rod cell


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Related to rod cell: cone cell
ThesaurusAntonymsRelated WordsSynonymsLegend:
Noun1.rod cell - a visual receptor cell that is sensitive to dim light
retina - the innermost light-sensitive membrane covering the back wall of the eyeball; it is continuous with the optic nerve
visual cell - one of the cells of the retina that is sensitive to light
retinal purple, rhodopsin, visual purple - a red photopigment in the retinal rods of vertebrates; dissociates into retinene by light
Translations
sauvasolu
杆体細胞桿体細胞
References in periodicals archive ?
A single-photon avalanche photodiode (APD) confirms single photon production and an acousto-optic modulator (AOM) is triggered to divert the idler photon through an optical fiber interfaced with the rod cell. Thus, the point is that if the APD does not detect a single photon, signal photon, then the AOM is not activated for further interaction with rod cell (see Fig.
But that can be explained by the fact that more than 90 percent of photons that enter the front of the eye never reach the sensitive light-detecting rod cell. The photons are either absorbed or reflected by other parts of the eye.
In darkness, the rod cell plasmalemma is depolarized and the rods secrete neurotransmitters.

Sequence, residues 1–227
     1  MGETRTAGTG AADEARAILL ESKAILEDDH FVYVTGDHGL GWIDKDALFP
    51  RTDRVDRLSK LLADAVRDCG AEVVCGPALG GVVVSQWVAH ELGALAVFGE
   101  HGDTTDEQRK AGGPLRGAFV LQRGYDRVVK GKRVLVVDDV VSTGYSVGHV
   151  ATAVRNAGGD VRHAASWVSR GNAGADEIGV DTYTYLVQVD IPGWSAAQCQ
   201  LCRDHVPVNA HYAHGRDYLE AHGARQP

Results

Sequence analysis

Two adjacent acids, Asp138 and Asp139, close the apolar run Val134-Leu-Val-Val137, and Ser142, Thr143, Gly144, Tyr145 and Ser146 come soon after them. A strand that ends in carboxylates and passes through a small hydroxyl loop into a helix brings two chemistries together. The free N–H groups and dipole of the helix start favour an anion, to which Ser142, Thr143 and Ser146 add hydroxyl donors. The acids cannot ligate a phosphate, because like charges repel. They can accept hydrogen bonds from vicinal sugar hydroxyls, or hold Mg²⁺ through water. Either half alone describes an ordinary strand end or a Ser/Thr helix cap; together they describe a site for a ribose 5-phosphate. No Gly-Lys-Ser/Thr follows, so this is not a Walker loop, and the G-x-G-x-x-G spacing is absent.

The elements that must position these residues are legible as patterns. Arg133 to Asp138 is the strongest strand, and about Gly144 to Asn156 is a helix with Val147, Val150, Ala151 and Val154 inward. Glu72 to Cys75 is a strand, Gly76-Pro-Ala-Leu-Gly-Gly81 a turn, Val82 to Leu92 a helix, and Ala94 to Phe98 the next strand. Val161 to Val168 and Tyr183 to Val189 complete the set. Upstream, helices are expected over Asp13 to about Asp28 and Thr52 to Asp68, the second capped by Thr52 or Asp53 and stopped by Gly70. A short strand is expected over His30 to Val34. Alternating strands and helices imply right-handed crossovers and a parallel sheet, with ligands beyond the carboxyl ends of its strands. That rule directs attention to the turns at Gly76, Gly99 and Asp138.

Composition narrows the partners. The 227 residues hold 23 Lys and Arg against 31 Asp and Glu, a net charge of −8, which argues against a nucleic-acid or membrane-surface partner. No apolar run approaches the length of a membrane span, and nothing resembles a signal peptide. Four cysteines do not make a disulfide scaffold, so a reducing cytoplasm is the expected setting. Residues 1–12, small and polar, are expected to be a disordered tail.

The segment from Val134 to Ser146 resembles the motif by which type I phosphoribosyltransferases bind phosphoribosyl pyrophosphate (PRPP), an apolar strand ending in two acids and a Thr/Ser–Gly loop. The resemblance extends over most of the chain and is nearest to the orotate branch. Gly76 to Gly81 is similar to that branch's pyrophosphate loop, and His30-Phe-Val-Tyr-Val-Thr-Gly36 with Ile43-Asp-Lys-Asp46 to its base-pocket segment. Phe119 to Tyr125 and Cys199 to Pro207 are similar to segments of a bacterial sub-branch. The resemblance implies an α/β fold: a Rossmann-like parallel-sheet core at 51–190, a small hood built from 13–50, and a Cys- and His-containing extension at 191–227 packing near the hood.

This particular tie rod cell had experienced ongoing problems with the original marking system, which consisted of two marking heads being controlled by one CPU (central processing unit) at each station.
Ali plans to try implanting rod cell precursors made from stem cells.
Two or more types of cone cells work together to sense color in abundant light, and a single type of rod cell detects light more sensitively, but only in black and white.
Such experiments demonstrate that exposing the inner surface of the rod cell the channels to open, but calcium does not have this effect.
Surprisingly, their rod cells had evolved and produced several opsins that helped them distinguish color in the dark!
In darkness, vertebrates detect the few available light particles with their light-sensitive rod cells, which contain only a single type of the photopigment rhodopsin -- explaining why nearly all vertebrates are color-blind at night.
In the darkness, vertebrates detect the few available light particles with their light-sensitive rod cells, which contain only a single type of the photopigment rhodopsin, explaining why nearly all vertebrates are colour-blind at night.
The rod cells in the retina allow us to see in dim light and provide peripheral vision.
Rod cells are the eye's most sensitive cells and they allow us to see in very dim light.